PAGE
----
Rage quitting isn’t big and it’s not clever, but sometimes it’s necessary for your sanity. When playing the game of this review’s namesake, The Evil Within, rage quitting certainly helped me to keep a grasp on my mental health, something that I felt was often being testing during my play-through of the psychological horror. Directed by Resident Evil creator Shinji Mikami, The Evil Within has some features reminiscent of Mikami’s fourth installment of the RE franchise, while being different enough not be considered a carbon copy of the seminal game. The Evil Within’s a mental roller coaster of a title and it’s one I enjoyed and loathed at the same time.
Set in the fictional Krimson City, players take on the role of Sebastian “Seb” Castellanos, a police officer who, as my friend pointed out, looks a little like a previous Doctor Who. After joining colleagues Julie and Joseph to investigate a gruesome murder at Beacon Mental Hospital, Seb steps into the blood bath’s security room, only too see live camera footage of a white-hooded man with Usain Bolt like speed, killing officers in one of the hospital’s halls. The killer then looks at the camera, disappears before appearing behind Seb and knocking him out cold. I tried shouting, but apparently video game characters can’t hear you through the TV.
Reawakening to find yourself hung up in what appears to be a butchers back room/Jigsaw’s holiday home, you look around to find that you’re surrounded by dead bodies, with the only other alive member of the room sporting a mask, spiked collar and wife-beater laced in blood. Basically, he doesn’t look inviting, as don’t your surroundings and so you swing towards one of your deceased neighbours, in an attempt to grab the knife lodged in their body. Grabbing the blade, you use it to free yourself from the rope holding you upside down, giving yourself a chance to escape the hell-hole you’re presently in. You see a door, you run for it, but like most horror games, this bid to freedom isn’t an easy one. Instead, it’s filled with things like walls made of saw razors and the haunting steps and growls of your masked friend as he chases you.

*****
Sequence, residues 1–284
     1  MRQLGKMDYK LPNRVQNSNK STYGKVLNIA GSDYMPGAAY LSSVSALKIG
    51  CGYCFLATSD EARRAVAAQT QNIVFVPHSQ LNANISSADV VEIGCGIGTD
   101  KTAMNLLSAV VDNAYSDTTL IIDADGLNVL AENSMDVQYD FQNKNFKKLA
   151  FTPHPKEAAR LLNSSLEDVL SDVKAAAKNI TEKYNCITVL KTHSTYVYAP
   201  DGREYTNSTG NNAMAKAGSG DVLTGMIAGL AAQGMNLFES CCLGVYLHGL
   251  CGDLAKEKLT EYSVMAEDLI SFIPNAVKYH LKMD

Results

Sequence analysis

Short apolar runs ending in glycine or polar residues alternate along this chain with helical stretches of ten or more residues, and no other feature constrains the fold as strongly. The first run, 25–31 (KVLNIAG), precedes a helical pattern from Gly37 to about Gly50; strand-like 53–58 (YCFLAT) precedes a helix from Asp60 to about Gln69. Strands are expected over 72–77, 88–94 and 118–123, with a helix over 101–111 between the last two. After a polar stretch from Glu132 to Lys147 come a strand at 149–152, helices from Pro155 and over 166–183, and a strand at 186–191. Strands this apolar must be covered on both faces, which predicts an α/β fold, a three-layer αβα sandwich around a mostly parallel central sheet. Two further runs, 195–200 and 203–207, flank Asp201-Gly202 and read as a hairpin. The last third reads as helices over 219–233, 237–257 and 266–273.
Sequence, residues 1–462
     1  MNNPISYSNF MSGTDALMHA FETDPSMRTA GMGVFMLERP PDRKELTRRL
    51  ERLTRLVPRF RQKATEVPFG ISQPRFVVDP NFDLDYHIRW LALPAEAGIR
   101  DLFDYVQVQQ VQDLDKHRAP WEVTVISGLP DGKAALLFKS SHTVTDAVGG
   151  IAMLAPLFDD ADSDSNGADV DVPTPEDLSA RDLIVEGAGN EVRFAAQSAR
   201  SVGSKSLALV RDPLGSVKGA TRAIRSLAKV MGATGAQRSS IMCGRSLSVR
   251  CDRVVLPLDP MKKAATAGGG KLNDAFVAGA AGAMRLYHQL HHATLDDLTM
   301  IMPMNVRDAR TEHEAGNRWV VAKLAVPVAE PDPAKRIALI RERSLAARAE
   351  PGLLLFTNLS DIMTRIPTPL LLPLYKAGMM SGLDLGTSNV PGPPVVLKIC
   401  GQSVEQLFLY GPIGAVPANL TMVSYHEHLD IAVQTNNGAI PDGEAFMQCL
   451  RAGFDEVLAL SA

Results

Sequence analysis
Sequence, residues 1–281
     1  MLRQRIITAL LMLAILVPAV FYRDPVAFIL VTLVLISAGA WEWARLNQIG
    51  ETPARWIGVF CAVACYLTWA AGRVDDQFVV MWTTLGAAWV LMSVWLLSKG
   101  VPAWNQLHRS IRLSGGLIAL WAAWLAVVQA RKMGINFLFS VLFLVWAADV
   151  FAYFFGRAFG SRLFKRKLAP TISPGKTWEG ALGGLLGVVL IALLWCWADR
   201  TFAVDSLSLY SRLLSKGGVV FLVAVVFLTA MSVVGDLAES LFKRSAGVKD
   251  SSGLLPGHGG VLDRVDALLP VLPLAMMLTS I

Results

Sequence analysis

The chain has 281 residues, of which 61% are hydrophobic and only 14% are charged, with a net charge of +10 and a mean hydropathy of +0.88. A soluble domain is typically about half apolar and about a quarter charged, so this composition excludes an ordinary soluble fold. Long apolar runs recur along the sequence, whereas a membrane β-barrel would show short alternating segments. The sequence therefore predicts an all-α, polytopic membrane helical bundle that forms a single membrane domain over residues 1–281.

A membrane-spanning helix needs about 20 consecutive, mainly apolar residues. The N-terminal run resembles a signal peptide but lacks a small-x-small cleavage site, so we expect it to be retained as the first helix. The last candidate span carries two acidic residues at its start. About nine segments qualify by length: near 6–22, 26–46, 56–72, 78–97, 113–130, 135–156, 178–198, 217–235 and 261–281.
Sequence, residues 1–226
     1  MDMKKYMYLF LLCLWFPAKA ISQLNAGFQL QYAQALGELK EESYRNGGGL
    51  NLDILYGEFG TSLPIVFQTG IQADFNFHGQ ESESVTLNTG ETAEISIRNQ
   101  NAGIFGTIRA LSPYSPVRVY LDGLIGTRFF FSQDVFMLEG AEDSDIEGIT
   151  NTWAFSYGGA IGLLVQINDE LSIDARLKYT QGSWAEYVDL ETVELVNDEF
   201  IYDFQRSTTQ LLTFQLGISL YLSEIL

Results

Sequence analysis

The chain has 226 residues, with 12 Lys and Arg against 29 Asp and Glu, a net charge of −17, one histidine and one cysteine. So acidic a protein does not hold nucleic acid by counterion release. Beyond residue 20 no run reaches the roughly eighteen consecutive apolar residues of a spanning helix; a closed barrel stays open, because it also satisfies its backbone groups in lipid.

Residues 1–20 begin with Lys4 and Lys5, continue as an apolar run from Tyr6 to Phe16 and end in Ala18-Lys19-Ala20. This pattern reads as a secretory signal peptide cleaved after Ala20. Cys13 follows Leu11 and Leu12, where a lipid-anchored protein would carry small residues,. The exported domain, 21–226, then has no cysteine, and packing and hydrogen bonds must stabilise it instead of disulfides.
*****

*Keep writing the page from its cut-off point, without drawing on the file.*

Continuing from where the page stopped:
During this introductory chapter, I quickly discovered two things about TEW that initially really ground my gears: the black bars at either end of the screen and the camera angle. The former of the two I found annoying because it meant that my game screen was smaller, while the latter was just very hard to get used too. Over the left hand shoulder RE4 style, the camera seems to stick to Sebastian like glue, making it hard for you to really see what’s going on at the left hand side of you, unless you turn the camera with the right analogue stick. I’ve played RE4 and I’ve played other games that use this method of camera view, such as Batman: Arkham Asylum and Dead Space, but never has a camera seemed as claustrophobic as TEW’s did to me. At first, I found that the camera angle didn’t help in near-death situations, but actually hindered, only adding to my sense of fear and further panic. It was something that I got used to after a while and soon enough it didn’t bother me too much, as did the black bars.
From the very beginning I additionally learned that TEW wasn’t going to be easy but instead very hard. This harsh truth set in pretty soon after I first started getting involved in the gameplay, with the previously mentioned masked man cutting my head off around four, maybe five times within mere minutes of me taking part. Having put the difficulty on Survival, i.e. the harder of the two levels offered, I did start to regret my decision quite quickly into TEW, but in the end I managed to break free of the deranged lunatic and finish the chapter, only for things too get much more difficult and much more insane.
After this sympathetic introduction it’s all about you getting to the truth of the hospital murders, which sees you trailing through a city plagued with zombie-like beings known as The Haunted. Thirsty for your blood, you must avoid these nasty beings wherever you go, with Chapter locations ranging from inside and outside areas, such as building ruins and, of course, a mansion. While these creatures are annoying at best and creepy at worst, The Haunted are a dream compared to many of your other enemies, some of which you must simply run from, like the giant spider lady and some of which are invisible until you hit them.